Five Risk Factors Affecting Multiples in Imaging-center Acquisitions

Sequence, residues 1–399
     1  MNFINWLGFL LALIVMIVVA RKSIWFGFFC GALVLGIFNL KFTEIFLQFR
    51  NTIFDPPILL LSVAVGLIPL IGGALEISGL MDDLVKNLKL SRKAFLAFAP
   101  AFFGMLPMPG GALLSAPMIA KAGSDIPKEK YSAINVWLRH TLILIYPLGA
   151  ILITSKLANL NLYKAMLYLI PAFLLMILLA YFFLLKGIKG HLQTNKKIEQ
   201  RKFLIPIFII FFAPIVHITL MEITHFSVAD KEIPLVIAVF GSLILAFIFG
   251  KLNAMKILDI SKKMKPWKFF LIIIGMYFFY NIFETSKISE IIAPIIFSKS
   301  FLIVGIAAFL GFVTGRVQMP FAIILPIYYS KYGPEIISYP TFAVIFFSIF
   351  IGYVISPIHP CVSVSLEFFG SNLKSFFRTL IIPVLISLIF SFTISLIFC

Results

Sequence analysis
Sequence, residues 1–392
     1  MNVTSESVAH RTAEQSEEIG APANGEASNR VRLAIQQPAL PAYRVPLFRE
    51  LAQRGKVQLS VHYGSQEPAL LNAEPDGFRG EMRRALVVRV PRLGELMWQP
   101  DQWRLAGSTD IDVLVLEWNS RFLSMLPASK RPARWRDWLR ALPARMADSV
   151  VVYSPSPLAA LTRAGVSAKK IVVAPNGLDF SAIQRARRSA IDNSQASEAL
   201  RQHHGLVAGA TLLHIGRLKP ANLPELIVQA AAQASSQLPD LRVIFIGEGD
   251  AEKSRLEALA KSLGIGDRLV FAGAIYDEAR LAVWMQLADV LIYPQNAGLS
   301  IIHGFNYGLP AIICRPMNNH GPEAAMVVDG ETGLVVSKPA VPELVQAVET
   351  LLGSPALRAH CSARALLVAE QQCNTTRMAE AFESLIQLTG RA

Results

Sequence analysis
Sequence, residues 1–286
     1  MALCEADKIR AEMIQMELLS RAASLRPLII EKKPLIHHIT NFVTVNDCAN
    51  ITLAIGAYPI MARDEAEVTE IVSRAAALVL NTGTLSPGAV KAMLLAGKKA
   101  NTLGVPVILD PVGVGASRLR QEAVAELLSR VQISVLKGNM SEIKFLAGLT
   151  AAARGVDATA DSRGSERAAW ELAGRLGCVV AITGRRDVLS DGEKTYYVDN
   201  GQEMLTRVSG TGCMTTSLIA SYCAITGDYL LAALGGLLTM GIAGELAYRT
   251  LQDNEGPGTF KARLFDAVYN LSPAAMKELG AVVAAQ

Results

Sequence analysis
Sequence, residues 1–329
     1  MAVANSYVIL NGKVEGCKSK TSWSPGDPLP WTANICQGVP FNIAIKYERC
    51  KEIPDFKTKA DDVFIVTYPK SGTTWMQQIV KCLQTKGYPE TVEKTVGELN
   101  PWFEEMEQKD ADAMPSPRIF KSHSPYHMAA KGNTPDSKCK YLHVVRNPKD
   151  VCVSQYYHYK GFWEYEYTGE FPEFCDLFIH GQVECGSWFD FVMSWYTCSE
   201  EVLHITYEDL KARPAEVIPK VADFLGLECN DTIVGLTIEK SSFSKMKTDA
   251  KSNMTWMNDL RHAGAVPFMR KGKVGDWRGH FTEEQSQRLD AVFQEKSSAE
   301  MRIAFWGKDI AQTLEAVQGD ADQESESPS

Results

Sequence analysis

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The ongoing success of the imaging-center industry has resulted in the proliferation of operating and management companies; this, in turn, has resulted in the increased acquisition of controlling interests in the imaging centers by the operators. By gaining a controlling interest, the operating company is able to bring substantial experience and negotiating clout to the venture, typically enhancing value. The success of these partnerships, combined with this increased demand, has resulted in the willingness of these operating and management companies not only to acquire controlling interests in imaging centers, but to do so at a premium. Through our experience in the industry, we have observed that imaging-center operators typically pay a multiple of approximately four to five times a normalized level of EBITDA for a controlling interest. As would be expected, these multiples vary according to the specific facts and circumstances surrounding the transaction. The marketplace typically relies much more heavily upon EBITDA value indications (as opposed to net revenue) because a center’s EBITDA serves as a more accurate proxy for future cash flows than does revenue. There are five primary categories of risk factors that can drive the fair market value of an imaging center toward the lower or higher end of the range of acquisition multiples. They are market, operational, equipment, referring-physician, and reimbursement risk factors. Market Risk Factors There are certain market risk factors that make an imaging center more or less valuable to a willing buyer. Favorable market risk factors include the existence of a certificate of need, favorable patient demographics, and high historical population growth. Certain states require a certificate of need for the ownership and operation of diagnostic-imaging equipment; the process of obtaining one can be very time consuming, creating a barrier to entry for competitors in certain markets. Favorable patient demographics and high historical population growth tend to result in a more favorable reimbursement environment, as well as higher projections for volume growth, which (in turn) increase the value of a center. Operational Risk Factors The operational risk factors that need to be considered in the valuation of an imaging center include historical profitability, ability to sustain or grow profitability, and the center’s level of debt obligation. A center with high historical profitability has demonstrated its ability to provide high returns for its shareholders and would thus considered likely to provide similar returns for willing buyers. In addition to historical profitability, the current facts and circumstances of the center should be considered when assessing the center’s ability to sustain or grow its level of profitability. A center with a high level of debt obligation has to prioritize debt payments to its lenders over distributions to shareholders; as a result, a high level of debt obligation decreases distributable cash available for shareholders—and with it, the value of the imaging center. Equipment Risk Factors The imaging-center industry is subject to the vagaries of technological obsolescence. As a result, the value of a particular imaging center is influenced by four equipment risk factors: the age and condition of equipment, the level of technology of equipment, equipment capacity, and equipment location. A center with older or outdated equipment will require a higher level of capital expenditure in the future, decreasing its value to a potential buyer. The risks associated with equipment capacity and the location of the equipment should be considered when projecting volume growth at the imaging center. Older pieces of imaging equipment do not allow for the same level of capacity as newer equipment. In addition, the convenience of the location of the equipment can heavily influence the pattern of future referrals from physicians. Referring-physician Risk Factors Freestanding imaging centers rely on referring physicians for the bulk of their patient volume. The referring-physician risk factors that need to be considered include concentration of referral sources, ability to show growth in the number of referring physicians, practice expansion of major referral sources, and employment of referring physicians by local hospitals. Having a high concentration of referrals come from a single physician source increases the risk associated with maintaining a similar level of growth in the future. Growth in the number of referring physicians, however, demonstrates a center’s ability to diversify its referral sources and withstand any major changes in referral patterns. In addition, the expansion of major referral sources bodes well for the projected volume growth of the imaging center. If local hospitals are employing referring physicians, on the other hand, there could be an increased risk that those referring physicians will begin referring patients to their employers (hospital imaging services), rather than to the freestanding imaging center. Reimbursement Risk Factors The reimbursement environment for freestanding imaging centers can vary widely, depending on the patient population and on the strength of commercial payor contracts. The reimbursement risk factors that need to be considered include concentration of payors, reliance upon Medicare and Medicaid, and historical reimbursement growth. A high concentration of revenue from a single payor makes the imaging center highly susceptible to decreases in reimbursement (should the payor negotiate a lower rate), increasing the risk that the center would be unable to sustain its historical profitability. Conversely, centers with a low reliance on Medicare or Medicaid patients are less susceptible to changes in reimbursement by government payors and are more likely to sustain historical levels of profitability. In addition, a center’s ability to demonstrate historical growth in reimbursement decreases the risk associated with possible failure to obtain similar growth in the future. Conclusion These risk factors play pivotal roles in determining the acquisition multiple for a given freestanding imaging center. It is important to note that we have observed imaging centers with fair market value indications of less than four times EBITDA, as well more than five times EBITDA, depending on the risk factors associated with the subject center. Buyers of freestanding imaging centers should consider whether the subject center has a more or less favorable risk profile when determining whether to extend an offer that is nearer the lower or the higher end of the range. Sellers, on the other hand, should try to optimize the value of their imaging centers by mitigating the risk factors described. As merger/acquisition activity continues in outpatient imaging, those who want to buy or sell an imaging center in 2014 can apply an understanding of these risk factors to assess the intrinsic fair market value of the subject center appropriately. Eric Heath is a senior analyst with VMG Health, a national health-care transaction advisory and valuation company.